Jump to ContentJump to Main Navigation
The Paradox of GenerosityGiving We Receive, Grasping We Lose$
Users without a subscription are not able to see the full content.

Christian Smith and Hilary Davidson

Print publication date: 2014

Print ISBN-13: 9780199394906

Published to Oxford Scholarship Online: September 2014

DOI: 10.1093/acprof:oso/9780199394906.001.0001

Show Summary Details
Page of

PRINTED FROM OXFORD SCHOLARSHIP ONLINE (www.oxfordscholarship.com). (c) Copyright Oxford University Press, 2017. All Rights Reserved. Under the terms of the licence agreement, an individual user may print out a PDF of a single chapter of a monograph in OSO for personal use (for details see http://www.oxfordscholarship.com/page/privacy-policy).date: 20 September 2017

The Lived Experiences of Generous Americans

The Lived Experiences of Generous Americans

Chapter:
(p.180) Chapter 5 The Lived Experiences of Generous Americans
Source:
The Paradox of Generosity
Author(s):

Beaster-Christian Smith

Hilary Davidson

Publisher:
Oxford University Press
DOI:10.1093/acprof:oso/9780199394906.003.0006

Chapter 5 steps away from quantitative surveys and instead offers qualitative interviews to illustrate and develop many of the findings of the survey analysis. The experiences of the interviewees elucidate the generosity paradox, its dynamics and consequences, as they play out in real people’s lives. This chapter fleshes out some of the principles developed in the previous chapters and demonstrates some of the complexities and variants at work in the generosity paradox. Generous Americans tend to experience greater health, self-efficacy, sense of life purpose, and, most notably, happiness. “Pathological altruists,” those who pursue generous behaviors at steep personal costs and do not experience the benefits of generosity, are also considered in this chapter.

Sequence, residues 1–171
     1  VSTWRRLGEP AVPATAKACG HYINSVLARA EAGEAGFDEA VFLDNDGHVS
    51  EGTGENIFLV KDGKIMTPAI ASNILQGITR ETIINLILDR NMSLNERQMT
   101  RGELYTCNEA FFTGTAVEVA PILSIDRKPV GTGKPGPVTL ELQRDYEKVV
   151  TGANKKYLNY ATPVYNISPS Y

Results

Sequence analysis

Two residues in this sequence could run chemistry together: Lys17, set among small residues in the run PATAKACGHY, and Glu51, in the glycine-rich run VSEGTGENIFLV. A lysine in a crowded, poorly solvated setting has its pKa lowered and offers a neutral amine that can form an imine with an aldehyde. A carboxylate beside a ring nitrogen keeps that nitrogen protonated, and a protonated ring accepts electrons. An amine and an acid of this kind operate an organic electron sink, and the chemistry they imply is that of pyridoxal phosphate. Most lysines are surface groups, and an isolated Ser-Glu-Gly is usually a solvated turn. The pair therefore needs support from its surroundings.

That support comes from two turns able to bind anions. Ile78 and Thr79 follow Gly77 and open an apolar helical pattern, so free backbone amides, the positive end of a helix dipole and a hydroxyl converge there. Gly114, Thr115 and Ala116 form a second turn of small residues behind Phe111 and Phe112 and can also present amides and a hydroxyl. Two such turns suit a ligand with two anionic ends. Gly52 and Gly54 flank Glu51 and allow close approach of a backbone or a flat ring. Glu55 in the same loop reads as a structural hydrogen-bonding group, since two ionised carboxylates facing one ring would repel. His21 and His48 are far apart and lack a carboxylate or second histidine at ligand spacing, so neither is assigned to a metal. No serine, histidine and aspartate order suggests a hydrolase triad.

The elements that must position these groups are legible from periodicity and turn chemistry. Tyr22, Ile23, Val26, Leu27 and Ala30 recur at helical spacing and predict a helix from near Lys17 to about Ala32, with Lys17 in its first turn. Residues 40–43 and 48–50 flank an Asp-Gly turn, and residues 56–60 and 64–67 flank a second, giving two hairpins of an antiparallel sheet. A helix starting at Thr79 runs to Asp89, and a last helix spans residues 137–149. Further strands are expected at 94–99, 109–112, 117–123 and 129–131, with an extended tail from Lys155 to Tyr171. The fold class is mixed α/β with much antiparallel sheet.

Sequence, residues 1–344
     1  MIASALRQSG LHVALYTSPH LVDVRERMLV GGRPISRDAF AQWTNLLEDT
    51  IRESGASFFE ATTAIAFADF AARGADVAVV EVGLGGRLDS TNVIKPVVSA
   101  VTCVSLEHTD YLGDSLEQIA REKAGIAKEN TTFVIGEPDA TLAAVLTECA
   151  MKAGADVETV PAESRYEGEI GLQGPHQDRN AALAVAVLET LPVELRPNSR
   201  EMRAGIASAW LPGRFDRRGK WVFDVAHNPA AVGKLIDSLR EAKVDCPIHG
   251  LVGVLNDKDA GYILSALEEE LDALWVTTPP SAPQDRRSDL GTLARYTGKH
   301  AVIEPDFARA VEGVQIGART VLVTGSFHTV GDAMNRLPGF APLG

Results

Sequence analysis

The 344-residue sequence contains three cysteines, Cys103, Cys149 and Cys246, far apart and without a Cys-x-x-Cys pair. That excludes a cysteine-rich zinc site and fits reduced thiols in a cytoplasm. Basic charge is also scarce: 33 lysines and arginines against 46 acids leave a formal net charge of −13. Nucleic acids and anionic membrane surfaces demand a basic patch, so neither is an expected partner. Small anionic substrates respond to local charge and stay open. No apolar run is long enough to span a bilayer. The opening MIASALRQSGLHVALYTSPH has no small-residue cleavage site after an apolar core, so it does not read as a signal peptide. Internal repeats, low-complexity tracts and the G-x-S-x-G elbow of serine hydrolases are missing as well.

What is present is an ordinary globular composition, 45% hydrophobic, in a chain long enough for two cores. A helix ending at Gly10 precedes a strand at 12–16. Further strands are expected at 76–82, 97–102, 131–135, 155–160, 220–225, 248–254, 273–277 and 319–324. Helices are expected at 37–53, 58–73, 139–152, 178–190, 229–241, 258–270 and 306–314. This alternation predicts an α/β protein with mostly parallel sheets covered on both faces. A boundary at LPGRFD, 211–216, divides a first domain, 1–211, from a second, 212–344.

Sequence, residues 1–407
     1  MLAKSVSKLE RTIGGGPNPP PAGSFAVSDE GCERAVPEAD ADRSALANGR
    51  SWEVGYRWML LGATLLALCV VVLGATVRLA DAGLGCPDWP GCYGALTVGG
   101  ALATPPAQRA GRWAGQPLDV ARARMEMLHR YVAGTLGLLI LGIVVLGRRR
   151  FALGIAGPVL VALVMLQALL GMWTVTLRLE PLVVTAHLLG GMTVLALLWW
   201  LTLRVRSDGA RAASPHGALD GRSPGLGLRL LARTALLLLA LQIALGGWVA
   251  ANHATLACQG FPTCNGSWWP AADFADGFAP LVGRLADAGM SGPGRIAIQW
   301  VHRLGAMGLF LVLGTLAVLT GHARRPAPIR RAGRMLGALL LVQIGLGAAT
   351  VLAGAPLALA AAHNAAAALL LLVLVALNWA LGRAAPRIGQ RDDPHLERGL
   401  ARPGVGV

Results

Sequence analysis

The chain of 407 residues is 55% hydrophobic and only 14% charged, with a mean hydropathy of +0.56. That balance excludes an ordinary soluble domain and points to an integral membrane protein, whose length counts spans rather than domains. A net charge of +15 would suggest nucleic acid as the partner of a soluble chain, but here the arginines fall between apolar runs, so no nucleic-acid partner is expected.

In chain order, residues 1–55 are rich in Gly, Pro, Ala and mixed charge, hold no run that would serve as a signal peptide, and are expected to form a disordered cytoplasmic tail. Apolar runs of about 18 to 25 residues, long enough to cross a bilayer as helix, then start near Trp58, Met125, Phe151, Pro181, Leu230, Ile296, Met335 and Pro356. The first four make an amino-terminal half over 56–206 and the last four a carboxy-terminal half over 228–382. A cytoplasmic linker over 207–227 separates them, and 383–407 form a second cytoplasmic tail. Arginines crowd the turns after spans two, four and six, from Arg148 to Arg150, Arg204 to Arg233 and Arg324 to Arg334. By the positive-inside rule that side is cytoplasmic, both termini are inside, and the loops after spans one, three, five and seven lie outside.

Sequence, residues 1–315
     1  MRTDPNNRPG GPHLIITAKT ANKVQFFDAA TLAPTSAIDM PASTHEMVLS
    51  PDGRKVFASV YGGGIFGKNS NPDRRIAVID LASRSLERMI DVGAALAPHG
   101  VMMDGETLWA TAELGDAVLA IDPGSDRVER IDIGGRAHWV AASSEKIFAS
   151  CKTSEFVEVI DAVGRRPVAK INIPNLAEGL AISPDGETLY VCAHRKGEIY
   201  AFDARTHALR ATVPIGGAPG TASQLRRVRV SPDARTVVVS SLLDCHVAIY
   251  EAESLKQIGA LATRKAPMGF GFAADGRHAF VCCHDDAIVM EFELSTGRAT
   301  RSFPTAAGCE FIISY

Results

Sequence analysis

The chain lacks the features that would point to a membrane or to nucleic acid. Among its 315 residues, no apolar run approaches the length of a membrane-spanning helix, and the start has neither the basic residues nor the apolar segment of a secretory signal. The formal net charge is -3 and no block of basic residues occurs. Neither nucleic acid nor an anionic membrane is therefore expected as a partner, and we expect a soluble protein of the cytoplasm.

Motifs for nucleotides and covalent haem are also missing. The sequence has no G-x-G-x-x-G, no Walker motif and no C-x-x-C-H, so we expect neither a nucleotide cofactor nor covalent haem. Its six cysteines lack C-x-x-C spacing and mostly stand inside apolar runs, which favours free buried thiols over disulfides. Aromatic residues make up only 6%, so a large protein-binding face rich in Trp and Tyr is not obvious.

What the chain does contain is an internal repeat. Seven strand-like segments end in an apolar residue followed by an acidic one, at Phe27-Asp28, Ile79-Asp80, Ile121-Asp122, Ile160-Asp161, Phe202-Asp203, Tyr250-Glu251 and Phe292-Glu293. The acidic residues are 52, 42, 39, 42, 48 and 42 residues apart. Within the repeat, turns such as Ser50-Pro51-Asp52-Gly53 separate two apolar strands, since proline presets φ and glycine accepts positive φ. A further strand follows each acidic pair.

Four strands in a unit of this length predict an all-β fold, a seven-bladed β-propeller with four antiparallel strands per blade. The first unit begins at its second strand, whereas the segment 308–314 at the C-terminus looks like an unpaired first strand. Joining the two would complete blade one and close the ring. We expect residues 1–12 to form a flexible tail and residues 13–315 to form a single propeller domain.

Keywords:   generosity, well-being, happiness, generous practices vs. one-time gifts or events, pathological altruism, qualitative interviews

Oxford Scholarship Online requires a subscription or purchase to access the full text of books within the service. Public users can however freely search the site and view the abstracts and keywords for each book and chapter.

Please, subscribe or login to access full text content.

If you think you should have access to this title, please contact your librarian.

To troubleshoot, please check our FAQs , and if you can't find the answer there, please contact us .